History in Structure

Church of All Saints

A Grade I Listed Building in Wingerworth, Derbyshire

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Latitude: 53.2028 / 53°12'10"N

Longitude: -1.4277 / 1°25'39"W

OS Eastings: 438322

OS Northings: 367454

OS Grid: SK383674

Mapcode National: GBR 69M.CTB

Mapcode Global: WHDFH.1RDJ

Plus Code: 9C5W6H3C+4W

Entry Name: Church of All Saints

Listing Date: 31 January 1967

Grade: I

Source: Historic England

Source ID: 1291897

English Heritage Legacy ID: 393548

Also known as: All Saints' Church, Wingerworth

ID on this website: 101291897

Location: All Saints Church, Wingerworth, North East Derbyshire, S42

County: Derbyshire

District: North East Derbyshire

Civil Parish: Wingerworth

Built-Up Area: Wingerworth

Traditional County: Derbyshire

Lieutenancy Area (Ceremonial County): Derbyshire

Church of England Parish: Wingerworth All Saints

Church of England Diocese: Derby

Tagged with: Church building

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LONGEDGE LANE (South side (off))
Church of All Saints


Parish church. Early C12, C13, late C14 and late C15. Extended 1963-1964 by Naylor, Sale & Widdows. Sandstone ashlar and rubble with C20 extension of coursed sandstone with concrete dressings. Roofs of lead and slate.

The pre-C20 church comprises a west tower, nave, lower chancel, north aisle, south porch, and north-east Hunloke Mausoleum. A large C20 extension containing a new nave extends northwards at right angles from the earlier north aisle. The west tower is of three stages with angle buttresses and with a lead pyramid roof behind embattled parapets with gargoyles. The bell openings are of two lights under pointed arches with Perpendicular tracery. The west window is of three lights under a Tudor-arched head. To its right is a stair doorway. On the south side is a sundial dated '1770'.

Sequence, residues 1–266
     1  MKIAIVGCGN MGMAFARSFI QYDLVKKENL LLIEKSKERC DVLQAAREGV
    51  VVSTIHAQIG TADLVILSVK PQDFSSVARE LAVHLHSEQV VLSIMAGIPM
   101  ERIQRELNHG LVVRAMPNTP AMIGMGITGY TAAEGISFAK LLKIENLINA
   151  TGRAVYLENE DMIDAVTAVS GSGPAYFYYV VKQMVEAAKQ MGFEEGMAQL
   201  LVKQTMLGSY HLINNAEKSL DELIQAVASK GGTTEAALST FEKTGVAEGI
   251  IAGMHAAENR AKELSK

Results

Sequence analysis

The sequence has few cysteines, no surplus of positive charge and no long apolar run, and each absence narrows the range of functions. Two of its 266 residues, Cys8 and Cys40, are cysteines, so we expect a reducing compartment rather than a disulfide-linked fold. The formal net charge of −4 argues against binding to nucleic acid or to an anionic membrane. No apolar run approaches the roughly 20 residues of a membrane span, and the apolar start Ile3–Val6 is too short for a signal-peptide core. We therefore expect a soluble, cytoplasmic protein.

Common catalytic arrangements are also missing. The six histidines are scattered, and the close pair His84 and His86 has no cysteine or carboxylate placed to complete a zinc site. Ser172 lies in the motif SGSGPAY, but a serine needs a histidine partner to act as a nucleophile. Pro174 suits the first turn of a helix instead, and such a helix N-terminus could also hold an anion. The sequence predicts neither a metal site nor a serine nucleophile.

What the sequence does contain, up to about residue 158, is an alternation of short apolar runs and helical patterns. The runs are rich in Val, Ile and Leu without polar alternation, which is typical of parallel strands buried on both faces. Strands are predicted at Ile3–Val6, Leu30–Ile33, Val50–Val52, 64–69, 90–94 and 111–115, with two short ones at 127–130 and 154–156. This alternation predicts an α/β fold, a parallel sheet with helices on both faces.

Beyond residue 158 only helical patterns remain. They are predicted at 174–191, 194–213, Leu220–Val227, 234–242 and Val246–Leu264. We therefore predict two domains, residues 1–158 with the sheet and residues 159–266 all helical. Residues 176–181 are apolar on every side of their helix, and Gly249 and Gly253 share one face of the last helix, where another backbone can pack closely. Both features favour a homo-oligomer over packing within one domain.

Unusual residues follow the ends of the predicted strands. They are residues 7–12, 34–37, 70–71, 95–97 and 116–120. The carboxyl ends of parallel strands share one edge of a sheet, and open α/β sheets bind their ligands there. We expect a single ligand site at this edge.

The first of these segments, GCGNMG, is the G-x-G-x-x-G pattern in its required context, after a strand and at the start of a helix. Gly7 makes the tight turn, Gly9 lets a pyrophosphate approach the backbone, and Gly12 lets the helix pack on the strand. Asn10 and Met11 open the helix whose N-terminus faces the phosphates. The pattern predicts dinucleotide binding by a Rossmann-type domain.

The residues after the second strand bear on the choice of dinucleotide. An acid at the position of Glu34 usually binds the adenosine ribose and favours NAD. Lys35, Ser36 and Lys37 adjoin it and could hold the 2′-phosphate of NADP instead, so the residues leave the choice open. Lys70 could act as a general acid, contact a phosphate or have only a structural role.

The south nave wall is of rubble below and of ashlar at clerestorey level above mullioned window of three cusped lights under a flat head. Above there is a C18 window with plain stone surround, formerly lighting a gallery. To the east of the porch are two mullioned windows with flat heads, the left-hand one with three trefoiled ogee lights and the right-hand one of two trefoiled lights. Above are three clerestorey windows, each of two cinquefoiled lights. To the right of the porch there is a blocked round-arched doorway. The C19 porch is of ashlar with embattled parapets. The outer chamfered archway is pointed and the gable parapet above is curved to follow the line of the arch. The inner porch doorway has a round arch with an outer roll-moulded order and with angle shafts which have fluted capitals.

The chancel was extensively restored in the mid C19, but three chamfered lancet windows of c1200 remain in the south wall. To the right of the left-hand window is a C19 chamfered pointed doorway. The east window is of three lights with chamfered mullions under a flat head. At the north-east side the Hunloke Mausoleum is now a vestry and includes a doorway with a lintel inscribed 'HH 1783'. The C20 extension is lit by long horizontal windows in the east and west walls, divided by concrete mullions.

INTERIOR: the internal walls are whitewashed and the floor covered by sandstone flags. The tower arch is pointed and chamfered, with the inner order having corbels as responds. The outline of a round archway can be seen in the masonry of the south wall. The three-bay north arcade has round arches with an outer square order and inner chamfered order springing from round piers and semicircular responds, all with simply moulded capitals. Some traces of wall painting are visible on the west arch: red scrollwork and blue background painting. The three northern clerestorey windows aria visible internally and are each of two cinquefoiled lights. The open boarded timber nave roof is of very shallow pitch and has exposed rafters, purlins, and tie beams with king posts.

The chancel archway has a depressed plastered round arch with sandstone reveals and plain imposts. The soffit of the arch is decorated with late C12 wall painting with roundels containing the head of Christ and four saints. To the north of the arch is a squint. Above is a timber rood canopy with embattled top beam and with carved bosses at the intersections of its ribs. The rood stairs from the north aisle remain. The inner lintel of the east chancel window is of oak and has a central carved head of a 'green man'. The C19 roof has two bolted king-post trusses. A wide and shallow segmental archway opens from the original north aisle into the C20 nave, which is of six bays divided by concrete arches.

The plain cylindrical sandstone font appears to be Norman, but is re-set on a later base. Set into the floor at the east end of the chancel is the recumbent effigy of a priest, of c1200. Set into the chancel window, to the right of the altar, are some fragments of Flemish glass which are said to be C14.

Listing NGR: SK3832267453

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